Vimy Ridge

by Tyler Levine from Toronto, ON

Recently my fiancee Lynsay and I went on a vacation to France and took the opportunity to visit the beaches of Normandy. Our destination was the city of Dieppe and the Canadian World War Two Cemetery. Neither Lynsay nor I lost any family there, in fact between the two of us, only Lyndsay’s grandfathers Owen and Thomas had fought and lived through World War Two. We’re pretty fortunate and we know it, which is part of why we felt compelled to visit the cemetery that day.

We drove into the seaside town and towards the water, expecting the scene of the great military landing to be the logical location for the burial ground. And, sure enough, as we reached the sea and parked the car and walked up to the rock filled beaches, in only a few minutes of walking around, we spotted a Canadian Flag. A lump formed in my throat. “Here we are,” I announced. Unfortunately, what we had found was a seaside Casino with an international set of flags. Where is this world famous cemetery, we thought?

Dieppe is a factory town and most of the people are pretty intimidating for an English speaking couple from downtown Toronto to approach. But, in our best and admittedly rusty Canadian French we inquired about the whereabouts of the cemetery, “ou est le cimetiere des Canadians?” Much to our dismay, none of the locals seemed to know, pointing away from the water and saying something about a nearby town. 

Back in the car, we drove around Dieppe for over two hours, growing increasingly more frustrated with each dead end. 

Finally, in the middle of a round-about, we spotted a small green sign which pointed us in the right direction. The signs lead us out of the actual city of Dieppe into a farming community some miles away. And there, in amongst roaming fields filled with thick, fragrant Poppies, lay a small cemetery with a simple stone arch entrance. We parked at the end of dead end country road and walked inside the cemetery.  

We were there alone, in front of row upon row of rectangular ivory white monuments – each perfectly straight as the men had once stood in formation. The grass was trimmed no more than a few hours ago, and the grounds smelled of moist greenery. It was like nothing I’d ever experienced. At each grave there was a flower, laid with military precision and yet the decoration was so sublime and fair, you’d think the invisible groundskeeper had spent time in art school.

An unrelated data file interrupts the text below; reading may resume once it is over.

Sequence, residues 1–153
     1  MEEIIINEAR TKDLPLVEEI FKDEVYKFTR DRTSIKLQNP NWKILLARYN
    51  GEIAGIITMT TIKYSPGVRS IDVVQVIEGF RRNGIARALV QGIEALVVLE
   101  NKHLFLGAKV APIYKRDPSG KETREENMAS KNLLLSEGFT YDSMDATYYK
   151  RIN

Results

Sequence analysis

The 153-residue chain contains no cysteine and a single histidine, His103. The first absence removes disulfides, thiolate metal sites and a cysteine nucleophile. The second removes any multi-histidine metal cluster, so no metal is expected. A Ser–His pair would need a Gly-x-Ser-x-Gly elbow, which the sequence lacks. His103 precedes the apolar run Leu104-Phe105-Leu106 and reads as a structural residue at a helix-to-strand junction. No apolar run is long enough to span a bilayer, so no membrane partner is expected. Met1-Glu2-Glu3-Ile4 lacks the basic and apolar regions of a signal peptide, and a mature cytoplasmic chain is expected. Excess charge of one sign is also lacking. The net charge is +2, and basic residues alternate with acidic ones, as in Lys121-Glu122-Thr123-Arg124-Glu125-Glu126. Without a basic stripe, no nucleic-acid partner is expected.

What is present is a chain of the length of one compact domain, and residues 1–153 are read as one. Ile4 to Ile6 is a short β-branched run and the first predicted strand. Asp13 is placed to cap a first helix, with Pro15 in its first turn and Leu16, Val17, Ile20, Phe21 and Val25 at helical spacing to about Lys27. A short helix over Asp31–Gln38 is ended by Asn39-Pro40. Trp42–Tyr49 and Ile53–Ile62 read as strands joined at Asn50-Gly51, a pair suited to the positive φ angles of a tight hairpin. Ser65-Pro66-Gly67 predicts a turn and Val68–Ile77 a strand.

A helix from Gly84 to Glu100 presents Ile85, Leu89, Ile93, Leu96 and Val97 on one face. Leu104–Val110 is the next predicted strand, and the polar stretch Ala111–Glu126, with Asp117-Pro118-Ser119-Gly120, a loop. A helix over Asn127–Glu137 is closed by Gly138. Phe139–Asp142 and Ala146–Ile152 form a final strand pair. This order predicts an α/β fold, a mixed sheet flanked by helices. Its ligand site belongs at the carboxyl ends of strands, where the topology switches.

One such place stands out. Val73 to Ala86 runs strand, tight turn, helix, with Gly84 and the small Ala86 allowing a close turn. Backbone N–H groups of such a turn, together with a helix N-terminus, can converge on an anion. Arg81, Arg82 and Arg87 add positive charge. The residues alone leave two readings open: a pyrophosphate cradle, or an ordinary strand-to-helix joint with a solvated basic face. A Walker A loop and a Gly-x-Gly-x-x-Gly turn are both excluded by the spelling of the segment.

As we examined each gravestone, Lynsay remarked about the large number of the deceased hailing from her hometown of Hamilton, that most of the men were really just boys and that most of the deaths took place over a three day period. There must be a thousand young men buried here. 

My thoughts were abruptly interrupted by the sound of a woman yelling in French and honking her car horn. I walked to the entrance to find a rugged, middle-aged local woman waving something in her hand. 

As it happens, I must have been so excited to finally find the cemetery, that when I exited my car I had dropped, in the middle of the road, my brown leather dossier containing both of our passports and all of our money for our trip – about eight hundred euros. The French woman was honking her horn so she could return my case.

As the woman made a hasty retreat to her beat up, twenty year old Peugeot, I called out, “thank you, thank you, Merci.” She shook her head, look at me in the eye – and then at the graveyard and said “Non, non, merci.” She was pointing at me. 

It took me a moment to realize what she was trying to say. 

After she left, I examined the dossier and saw that the case had been opened, but not a penny or passport was missing. She had in fact seen that we were Canadian and although I’m sure that money could have solved a whole bunch of her problems, she felt compelled to return it.

So, as we discovered, the people of Dieppe haven’t forgotten what some very brave Canadians did, so long ago – they just chose simple gestures of kindness to express their gratitude.